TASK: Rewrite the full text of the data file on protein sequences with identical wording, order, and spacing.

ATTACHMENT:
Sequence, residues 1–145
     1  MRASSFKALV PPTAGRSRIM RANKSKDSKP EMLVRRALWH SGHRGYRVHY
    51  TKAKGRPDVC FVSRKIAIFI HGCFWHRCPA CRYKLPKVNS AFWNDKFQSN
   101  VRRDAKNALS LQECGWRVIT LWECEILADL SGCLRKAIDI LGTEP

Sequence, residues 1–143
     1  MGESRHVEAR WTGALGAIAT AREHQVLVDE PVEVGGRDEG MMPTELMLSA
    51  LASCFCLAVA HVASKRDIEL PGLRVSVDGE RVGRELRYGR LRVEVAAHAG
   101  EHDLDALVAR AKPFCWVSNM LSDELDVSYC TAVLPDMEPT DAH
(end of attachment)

Sequence, residues 1–145
     1  MRASSFKALV PPTAGRSRIM RANKSKDSKP EMLVRRALWH SGHRGYRVHY
    51  TKAKGRPDVC FVSRKIAIFI HGCFWHRCPA CRYKLPKVNS AFWNDKFQSN
   101  VRRDAKNALS LQECGWRVIT LWECEILADL SGCLRKAIDI LGTEP

Sequence, residues 1–143
     1  MGESRHVEAR WTGALGAIAT AREHQVLVDE PVEVGGRDEG MMPTELMLSA
    51  LASCFCLAVA HVASKRDIEL PGLRVSVDGE RVGRELRYGR LRVEVAAHAG
   101  EHDLDALVAR AKPFCWVSNM LSDELDVSYC TAVLPDMEPT DAH